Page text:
finance minister

The Budget: What happens next and some stats on what happened before

Authored by Vishnu Padmanabhan and Priya Soman The Budget speech may have already been scrutinised and the numbers analysed but the Budget process is far from complete.  The Constitution requires expenditure from the government’s Consolidated Fund of India to be approved by the Lok Sabha (the Rajya Sabha does not vote, but can suggest changes). After the Finance Minister presents the Union Budget, Parliament holds a general discussion followed by a detailed discussion and vote on Demands for Grants. In the general discussion, the House discusses the Budget as a whole but no motions can be moved and no voting takes place.  In the 15th Lok Sabha, the average time spent during the Budget Session on general discussion has been 13 hours 20 minutes so far. Following the general discussion, Parliament breaks for recess while Demands for Grants – the projected expenditure by different ministries - are examined by the relevant Standing Committees of Parliament. This year Parliament is scheduled to break for a month from March 22nd to April 22nd. After the break, the Standing Committees table their reports; the grants are discussed in detail and voted on.  Last year, the total time spent on the Union Budget, on both general and detailed discussion was around 32 hours (or 18% of total time in the session), largely in line with the average time spent over the last 10 years (33 hours, 20% of total time). A unique feature of Indian democracy is the separate presentation and discussion for the Railway Budget.  Including the Railway Budget the overall time spent on budget discussion last year was around 55 hours (30% of total time in the session).

Note: All data from Budget sessions; data from 2004 and 2009 include interim budget sessions. Source: Lok Sabha Resume of Work, PRS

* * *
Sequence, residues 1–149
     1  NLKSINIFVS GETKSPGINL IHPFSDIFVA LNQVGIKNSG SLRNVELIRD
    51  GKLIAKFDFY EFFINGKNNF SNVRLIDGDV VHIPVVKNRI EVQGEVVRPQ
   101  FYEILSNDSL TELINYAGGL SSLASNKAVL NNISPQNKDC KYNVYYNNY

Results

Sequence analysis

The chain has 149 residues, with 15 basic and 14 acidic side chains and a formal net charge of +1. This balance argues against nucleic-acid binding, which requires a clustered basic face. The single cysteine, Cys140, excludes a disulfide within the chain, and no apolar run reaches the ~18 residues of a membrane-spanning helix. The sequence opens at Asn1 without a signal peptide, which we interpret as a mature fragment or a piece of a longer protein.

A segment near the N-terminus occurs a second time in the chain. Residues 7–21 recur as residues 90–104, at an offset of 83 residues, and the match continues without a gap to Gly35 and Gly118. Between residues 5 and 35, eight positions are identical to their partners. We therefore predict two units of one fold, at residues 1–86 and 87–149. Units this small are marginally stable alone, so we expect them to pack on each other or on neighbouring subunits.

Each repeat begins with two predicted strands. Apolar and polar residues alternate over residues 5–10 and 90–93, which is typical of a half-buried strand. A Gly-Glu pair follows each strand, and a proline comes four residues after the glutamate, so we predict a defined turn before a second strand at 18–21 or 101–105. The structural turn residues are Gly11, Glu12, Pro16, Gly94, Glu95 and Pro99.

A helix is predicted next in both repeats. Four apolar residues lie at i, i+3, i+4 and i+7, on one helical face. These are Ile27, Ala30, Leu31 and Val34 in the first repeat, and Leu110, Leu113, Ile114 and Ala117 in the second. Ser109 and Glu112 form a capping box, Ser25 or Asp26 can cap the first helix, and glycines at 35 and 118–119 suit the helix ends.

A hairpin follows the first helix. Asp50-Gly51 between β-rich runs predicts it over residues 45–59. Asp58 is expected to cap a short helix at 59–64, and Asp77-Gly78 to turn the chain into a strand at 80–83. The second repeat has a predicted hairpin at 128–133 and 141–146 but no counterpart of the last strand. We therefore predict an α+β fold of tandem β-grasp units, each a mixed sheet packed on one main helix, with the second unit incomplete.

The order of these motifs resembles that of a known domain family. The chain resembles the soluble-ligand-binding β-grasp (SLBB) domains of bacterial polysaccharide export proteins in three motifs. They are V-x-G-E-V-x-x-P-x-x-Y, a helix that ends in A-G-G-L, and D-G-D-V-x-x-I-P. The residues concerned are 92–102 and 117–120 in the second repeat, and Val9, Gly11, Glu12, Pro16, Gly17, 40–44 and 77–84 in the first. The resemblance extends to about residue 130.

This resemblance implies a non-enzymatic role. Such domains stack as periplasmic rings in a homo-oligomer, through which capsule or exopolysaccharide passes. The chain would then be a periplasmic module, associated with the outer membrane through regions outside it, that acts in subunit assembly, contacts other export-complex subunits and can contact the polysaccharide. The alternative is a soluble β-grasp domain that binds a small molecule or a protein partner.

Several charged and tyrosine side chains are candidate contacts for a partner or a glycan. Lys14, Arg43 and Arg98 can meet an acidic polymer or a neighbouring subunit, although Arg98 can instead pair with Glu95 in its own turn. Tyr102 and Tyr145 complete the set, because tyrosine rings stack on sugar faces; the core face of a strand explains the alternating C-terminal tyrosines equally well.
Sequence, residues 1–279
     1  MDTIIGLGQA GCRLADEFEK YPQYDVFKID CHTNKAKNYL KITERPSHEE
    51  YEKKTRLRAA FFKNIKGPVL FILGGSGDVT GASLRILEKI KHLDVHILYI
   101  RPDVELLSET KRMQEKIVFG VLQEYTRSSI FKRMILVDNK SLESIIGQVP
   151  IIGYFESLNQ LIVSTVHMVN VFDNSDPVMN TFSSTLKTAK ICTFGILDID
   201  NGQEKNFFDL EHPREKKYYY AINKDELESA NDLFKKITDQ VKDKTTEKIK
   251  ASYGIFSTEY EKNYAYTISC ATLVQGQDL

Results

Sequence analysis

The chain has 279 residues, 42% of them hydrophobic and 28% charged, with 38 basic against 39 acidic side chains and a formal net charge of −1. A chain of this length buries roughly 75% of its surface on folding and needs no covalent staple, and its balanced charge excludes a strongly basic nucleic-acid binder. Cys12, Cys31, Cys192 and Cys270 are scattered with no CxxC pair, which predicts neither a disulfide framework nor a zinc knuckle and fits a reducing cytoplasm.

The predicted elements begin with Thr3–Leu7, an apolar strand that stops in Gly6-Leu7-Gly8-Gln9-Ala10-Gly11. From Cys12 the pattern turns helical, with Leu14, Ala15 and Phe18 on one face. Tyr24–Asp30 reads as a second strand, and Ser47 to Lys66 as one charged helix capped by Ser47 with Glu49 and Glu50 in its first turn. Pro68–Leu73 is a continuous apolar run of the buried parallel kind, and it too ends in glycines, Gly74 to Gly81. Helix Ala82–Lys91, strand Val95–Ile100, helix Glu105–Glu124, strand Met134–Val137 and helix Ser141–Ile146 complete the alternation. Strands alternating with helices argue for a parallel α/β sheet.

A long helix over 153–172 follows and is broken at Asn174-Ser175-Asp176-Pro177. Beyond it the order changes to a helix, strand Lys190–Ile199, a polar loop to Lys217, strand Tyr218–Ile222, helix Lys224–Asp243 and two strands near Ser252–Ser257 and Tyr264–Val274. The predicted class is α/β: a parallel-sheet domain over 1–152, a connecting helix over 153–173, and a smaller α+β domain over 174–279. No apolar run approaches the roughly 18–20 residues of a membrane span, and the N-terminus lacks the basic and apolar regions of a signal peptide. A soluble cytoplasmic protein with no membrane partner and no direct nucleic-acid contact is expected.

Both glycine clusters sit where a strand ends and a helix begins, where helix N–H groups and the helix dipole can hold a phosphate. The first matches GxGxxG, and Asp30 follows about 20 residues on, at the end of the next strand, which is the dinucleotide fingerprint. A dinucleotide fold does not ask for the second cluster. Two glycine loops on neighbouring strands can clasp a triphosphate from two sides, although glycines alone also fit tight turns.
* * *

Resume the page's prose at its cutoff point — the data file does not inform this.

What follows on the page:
During the detailed discussion, MPs can call for ‘cut motions’ to reduce the amounts of demands for grants made by a Ministry. This motion can be tabled in three ways: (i) ‘the amount of the demand be reduced to Re.1/’ signifying disapproval of the policies of that ministry; (ii)  ‘the amount of the demand be reduced by a specified amount’, an economy cut signifying a disapproval of the amount spent by the ministry  and (iii) ‘the amount of the demand be reduced by Rs.100/-', a token cut airing a specific grievance within the policy of the government. However in practice almost all demands for grants are clubbed and voted together (a process called guillotining). In 2012, 92% of demands for grants were guillotined. The grants for Ministries of Commerce and Industry, Health and Family Welfare, Home Affairs and Urban Development were the only grants taken up for discussion. Over the last 10 years, 85% of demands for grants have been voted for without discussion. The most frequently discussed demand for grants come from the Ministry of Home Affairs (discussed in 6 of the last 10 sessions) and the Ministry of Rural Development (5 times).  Demand for grants for Defence, the largest spending Ministry, has only been voted after discussion once in the last 10 years.